Told simultaneously from the perspective of humans and chimpanzees, set in a Vermont home and a Florida primate research facility, A Beautiful Truth at times brutal, at others deeply moving is about the simple truths that transcend species, the meaning of family, the lure of belonging, and the capacity for survival.
A powerful and haunting meditation on human nature told from the dual perspectives of a Vermont family that has adopted a chimp as a surrogate son, and a group of chimpanzees in a Florida research institute.
Looee, a chimp raised by a well-meaning and compassionate human couple who cannot conceive a baby of their own, is forever set apart. He’s not human, but with his peculiar upbringing he is no longer like other chimps. One tragic night Looee’s two natures collide and their unique family is forever changed.
At the Girdish Institute in Florida, a group of chimpanzees has been studied for decades. The work at Girdish has proven that chimps have memories and solve problems, that they can learn language and need friends, and that they build complex cultures. They are political, altruistic, get angry, and forgive. When Looee is moved to the Institute, he is forced to try to find a place in their world.
I have always maintained that the best way to understand office politics is to spend some time studying chimpanzees or other apes. You will see all of the same drives and personalities, but you will see them without the veneer of civilization. Wherever you get 3 people or 3 chimps in one place, you will have politics.
This book reminded me of human hubris—the belief that we are somehow separate and different from the rest of the animal kingdom, that we are superior to other apes.
In a strange way, this book made me think of Jack London’s The Call of the Wild or White Fang. All the ways in which wild animals can or can’t be tamed and how tame animals (including humans) can become wild. It is a cautionary tale about keeping wild animals in private homes, but it is about trust—trusting those animals, trusting our friends, trusting our spouses. It is about the dangers of assigning human motivations to other species and the peril of deliberately ignoring the drives that we obviously share. Also the risk of assuming that our friends and acquaintances think about things the same way that we do. Who is worthy of our trust and why do we trust them?
ABT is also an interesting meditation on the study of our nearest kin, the chimpanzee. Back in the 1960s and 1970s, while trying to understand the evolution of speech among humans, people started to raise chimpanzee babies in their homes, hoping to encourage speech in the apes. Chimps like Gua (the experiment was terminated when her human “sibling” began to get much more chimpanzee-like than she got human-like) and Vicki (who eventually produced 4 very simple words with extreme effort). Then came Washoe, who was exposed to American Sign Language, with limited success (as were Nim Chimpsky and Koko the Gorilla), the reasoning being that apes might be unable to speak, but might still be able to grasp language. ASL should be easier for them as it uses hand gestures rather than vocal apparatus. They do seem to be able to acquire vocabulary, but show much less grasp of grammar or the significance of word order. Unsurprisingly, they possess the first stirrings towards spoken language, but humans are the only ape species to have developed it significantly. I would be more surprised if no other primates showed any aptitude for vocal communication.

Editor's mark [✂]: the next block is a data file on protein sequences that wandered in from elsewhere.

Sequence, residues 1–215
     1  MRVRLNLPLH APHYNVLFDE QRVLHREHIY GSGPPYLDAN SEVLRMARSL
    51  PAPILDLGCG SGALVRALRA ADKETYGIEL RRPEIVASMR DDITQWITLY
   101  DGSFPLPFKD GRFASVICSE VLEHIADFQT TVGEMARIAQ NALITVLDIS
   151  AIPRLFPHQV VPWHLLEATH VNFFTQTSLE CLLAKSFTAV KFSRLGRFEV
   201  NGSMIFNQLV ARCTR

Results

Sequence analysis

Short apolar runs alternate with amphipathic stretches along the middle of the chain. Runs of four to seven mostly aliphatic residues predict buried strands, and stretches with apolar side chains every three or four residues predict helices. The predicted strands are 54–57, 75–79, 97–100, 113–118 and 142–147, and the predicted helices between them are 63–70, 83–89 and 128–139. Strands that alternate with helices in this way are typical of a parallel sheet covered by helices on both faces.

Some aspects of the Girdish Institute in the book are likely based on the Yerkes Institute in real life. The Yerkes Institute developed a keyboard of lexigrams (as alluded to in ABT) which became known as Yerkish. There has been a certain amount of success using this method, including one super-star bonobo, Kanzi (born at Yerkes, but moved to the Language Research Centre at Georgia State). He communicates via keyboard and has picked up a bit of ASL as well.
All of the apes mentioned above learned to understand some human-spoken language and to respond appropriately to it (when they were in the mood). Part of the problem with these experiments is that they do not interest the apes as much as they do the humans. Interestingly, dogs seem to naturally understand human hand gestures, like pointing, more easily than chimps do. Dogs look where the hand is pointing, while apes look at the hand. Our thousands of years co-evolving with canines is showing through.
I’m impressed by how many details of human-chimp history are represented in this fictional account. I recognized many of them from non-fiction books that I’ve read over the years. If you are interested in more details on chimpanzees (and bonobos), I would recommend Frans de Waal’s excellent book Our Inner Ape: A Leading Primatologist Explains Why We Are Who We Are. I also highly recommend de Waal’s book Are We Smart Enough to Know How Smart Animals Are?